Depression, or loss of interest in life and living, is a common mental health issue that has potentially serious consequences. On a continuum, effects can range from temporary and mild, to chronic and severe. Yet, depression is treatable, and treatment is well researched. Research has demonstrated that cognitive therapy is at least as effective as antidepressant medication in alleviating symptoms. Also, studies indicate that cognitive therapy is more effective than antidepressant medication in preventing future relapses.
A cognitive therapist follows a structure that guides clients through a process of learning and practicing skills, to alleviate problems and symptoms. After completing cognitive therapy, clients are less likely to suffer relapses, because they can choose to continue using the skills that they have learned in counseling. One benefit of cognitive therapy’s structure, compared with other therapeutic models, is that the time necessary to produce significant results is shortened. In cognitive therapy, a full course of treatment is considered to be 14 to 16 sessions.
In addition to working with thoughts and beliefs, behavioral interventions are utilized. It is common for a depressed individual’s activities to become restricted due to reduced motivation and energy. Clients are encouraged to schedule exercise and enjoyable daily activities at a level that they can tolerate, to help reduce their symptoms.
Clients are also assisted with the implementation of problem-solving skills. For example, people struggling with depression may feel overwhelmed by the thought of trying to deal with the problems they face. In cognitive therapy, clients are taught how to take a large task, and break it down into manageable, daily steps that are more easily accomplished. For more information about cognitive therapy for depression, see here.
Did you know that 1 in 4 Americans suffers from depression at some time?
We know that just as many do not seek treatment, and suffer needlessly because they are fearful, either that, “it will look bad,” or, because they have internalized the erroneous belief that, “seeking help is a sign of weakness.” Nothing could be farther from the truth! Seeking expert advice from a professional counselor is no different than consulting a doctor, or tax accountant. It’s smart. It makes sense. It is completely confidential, it can radically improve your life, and it takes courage!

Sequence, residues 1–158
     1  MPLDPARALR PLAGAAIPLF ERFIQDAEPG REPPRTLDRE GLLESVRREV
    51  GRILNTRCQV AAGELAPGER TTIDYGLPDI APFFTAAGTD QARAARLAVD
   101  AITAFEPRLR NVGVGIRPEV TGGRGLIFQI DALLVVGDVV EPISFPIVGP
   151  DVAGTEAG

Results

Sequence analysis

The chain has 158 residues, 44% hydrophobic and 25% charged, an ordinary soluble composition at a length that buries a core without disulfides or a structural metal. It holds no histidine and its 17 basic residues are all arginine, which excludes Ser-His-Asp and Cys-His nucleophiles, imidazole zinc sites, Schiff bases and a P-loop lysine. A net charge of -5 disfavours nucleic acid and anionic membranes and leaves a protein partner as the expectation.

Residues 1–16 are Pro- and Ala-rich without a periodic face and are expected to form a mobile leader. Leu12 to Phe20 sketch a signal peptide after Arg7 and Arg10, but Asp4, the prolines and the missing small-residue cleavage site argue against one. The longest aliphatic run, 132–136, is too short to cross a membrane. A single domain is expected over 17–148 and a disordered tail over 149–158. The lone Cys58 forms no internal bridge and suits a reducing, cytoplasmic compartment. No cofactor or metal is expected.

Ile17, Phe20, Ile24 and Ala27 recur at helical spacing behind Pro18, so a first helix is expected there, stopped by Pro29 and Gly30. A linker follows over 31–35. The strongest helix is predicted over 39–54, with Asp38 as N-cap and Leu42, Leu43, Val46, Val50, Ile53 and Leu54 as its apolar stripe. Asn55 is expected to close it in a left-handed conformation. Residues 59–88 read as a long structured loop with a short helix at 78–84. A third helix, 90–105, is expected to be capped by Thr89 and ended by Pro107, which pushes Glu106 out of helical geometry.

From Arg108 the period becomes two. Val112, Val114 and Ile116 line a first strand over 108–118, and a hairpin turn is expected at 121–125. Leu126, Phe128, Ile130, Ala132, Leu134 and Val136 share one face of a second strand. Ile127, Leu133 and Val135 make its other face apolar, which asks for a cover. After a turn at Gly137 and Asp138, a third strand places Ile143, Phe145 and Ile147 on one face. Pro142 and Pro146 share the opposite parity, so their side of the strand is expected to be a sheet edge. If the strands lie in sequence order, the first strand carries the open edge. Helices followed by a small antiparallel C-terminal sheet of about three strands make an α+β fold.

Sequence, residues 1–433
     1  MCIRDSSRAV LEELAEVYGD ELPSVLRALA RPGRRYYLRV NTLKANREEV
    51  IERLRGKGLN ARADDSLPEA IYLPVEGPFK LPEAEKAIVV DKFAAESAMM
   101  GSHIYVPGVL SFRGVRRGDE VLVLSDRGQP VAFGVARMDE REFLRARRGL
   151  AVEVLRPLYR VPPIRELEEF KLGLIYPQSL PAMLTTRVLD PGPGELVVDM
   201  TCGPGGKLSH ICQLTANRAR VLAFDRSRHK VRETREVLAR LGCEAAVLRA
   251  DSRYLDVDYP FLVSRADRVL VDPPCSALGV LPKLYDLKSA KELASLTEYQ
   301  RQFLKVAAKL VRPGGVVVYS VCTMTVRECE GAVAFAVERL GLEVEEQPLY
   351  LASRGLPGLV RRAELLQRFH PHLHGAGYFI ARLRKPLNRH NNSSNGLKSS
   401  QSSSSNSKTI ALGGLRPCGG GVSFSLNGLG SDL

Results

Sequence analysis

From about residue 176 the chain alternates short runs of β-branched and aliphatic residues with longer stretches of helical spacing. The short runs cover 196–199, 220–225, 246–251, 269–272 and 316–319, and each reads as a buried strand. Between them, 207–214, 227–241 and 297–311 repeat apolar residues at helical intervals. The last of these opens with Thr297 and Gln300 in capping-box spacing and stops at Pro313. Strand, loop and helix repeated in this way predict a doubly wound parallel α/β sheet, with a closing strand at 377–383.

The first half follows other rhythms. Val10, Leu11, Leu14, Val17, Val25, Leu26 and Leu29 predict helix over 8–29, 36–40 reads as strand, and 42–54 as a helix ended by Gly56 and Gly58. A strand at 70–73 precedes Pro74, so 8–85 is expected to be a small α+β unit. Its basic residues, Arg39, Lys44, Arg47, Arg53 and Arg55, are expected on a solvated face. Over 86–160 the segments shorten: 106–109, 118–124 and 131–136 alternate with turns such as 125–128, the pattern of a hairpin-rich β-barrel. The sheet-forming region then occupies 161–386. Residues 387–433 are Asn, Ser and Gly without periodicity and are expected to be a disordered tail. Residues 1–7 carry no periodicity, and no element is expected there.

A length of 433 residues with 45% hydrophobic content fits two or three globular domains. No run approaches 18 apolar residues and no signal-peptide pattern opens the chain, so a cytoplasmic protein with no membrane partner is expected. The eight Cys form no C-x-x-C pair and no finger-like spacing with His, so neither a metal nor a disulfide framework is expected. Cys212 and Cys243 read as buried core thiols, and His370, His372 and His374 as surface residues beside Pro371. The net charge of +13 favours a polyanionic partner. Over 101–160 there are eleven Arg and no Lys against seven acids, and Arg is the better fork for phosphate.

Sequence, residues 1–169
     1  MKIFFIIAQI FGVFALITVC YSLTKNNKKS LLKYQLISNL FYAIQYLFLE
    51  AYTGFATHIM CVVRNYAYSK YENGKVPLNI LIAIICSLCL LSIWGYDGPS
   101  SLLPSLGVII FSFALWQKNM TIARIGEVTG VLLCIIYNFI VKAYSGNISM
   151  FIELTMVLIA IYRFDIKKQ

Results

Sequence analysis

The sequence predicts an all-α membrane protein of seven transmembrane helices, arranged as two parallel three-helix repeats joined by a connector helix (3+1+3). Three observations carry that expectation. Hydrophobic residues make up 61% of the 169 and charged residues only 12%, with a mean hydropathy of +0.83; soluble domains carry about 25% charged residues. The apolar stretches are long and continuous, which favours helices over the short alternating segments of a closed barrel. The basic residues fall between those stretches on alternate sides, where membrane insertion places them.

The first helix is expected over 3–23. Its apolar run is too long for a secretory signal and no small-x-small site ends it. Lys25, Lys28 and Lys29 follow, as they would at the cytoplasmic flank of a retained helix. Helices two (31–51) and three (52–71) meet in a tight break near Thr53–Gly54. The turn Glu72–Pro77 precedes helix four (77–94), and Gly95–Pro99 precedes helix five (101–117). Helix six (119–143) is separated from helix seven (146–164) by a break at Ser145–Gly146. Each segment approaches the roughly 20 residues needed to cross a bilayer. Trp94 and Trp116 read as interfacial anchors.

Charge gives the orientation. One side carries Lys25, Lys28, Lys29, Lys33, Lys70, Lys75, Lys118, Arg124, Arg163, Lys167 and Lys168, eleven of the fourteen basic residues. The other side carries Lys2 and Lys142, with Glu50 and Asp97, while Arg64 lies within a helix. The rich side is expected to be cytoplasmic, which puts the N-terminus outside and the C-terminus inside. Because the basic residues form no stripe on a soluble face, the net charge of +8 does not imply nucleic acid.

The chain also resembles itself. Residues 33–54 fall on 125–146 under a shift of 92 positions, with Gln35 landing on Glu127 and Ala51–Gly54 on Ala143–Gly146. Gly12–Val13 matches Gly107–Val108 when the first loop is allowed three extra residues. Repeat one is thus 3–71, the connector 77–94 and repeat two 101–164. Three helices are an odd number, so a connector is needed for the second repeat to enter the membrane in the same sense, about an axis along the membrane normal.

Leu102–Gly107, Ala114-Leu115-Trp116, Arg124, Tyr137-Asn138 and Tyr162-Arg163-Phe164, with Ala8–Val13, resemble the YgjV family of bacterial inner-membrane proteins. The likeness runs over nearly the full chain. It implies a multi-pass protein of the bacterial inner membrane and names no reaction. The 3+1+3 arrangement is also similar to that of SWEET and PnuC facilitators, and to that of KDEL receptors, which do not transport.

For more information, or to schedule an appointment, call 575-249-2561.
Anxiety disorders can be temporary and acute, or more generalized. They may involve phobias or fears about specific things (fear of flying, or spiders, for example), or manifest as repetitive thoughts and behaviors that can turn into preoccupations, to the detriment of other areas of life.
People facing anxiety often experience and use procrastination as a coping mechanism, in the face of large goals and challenges. At the other end of the spectrum, people suffering acute and repeated stress may suffer panic attacks through feeling overwhelmed. These situations may cause people to experience negative consequences by ‘giving up’ too easily, leading to low self-esteem, and depression.
The roots of chronic anxiety are caused by a combination of environmental stress and neurological changes in the brain. Fear and other strong emotions can be triggered by overactive and hypersensitive brain circuitry. Triggers can evoke powerful memories. Also, anxiety can run in families, with a genetic disposition being triggered by a traumatic or stressful event.
Cognitive behavioral therapy is proven to be an effective treatment for anxiety. By utilizing a problem-solving approach, and teaching coping and relaxation skills, therapists can help clients become freer and more functional. Using successive approximations, clients can learn to manage the process of facing their fears in a safe and controlled way. For more infromation, see here.
For more information, or to schedule an appointment, call (575)-249-2561.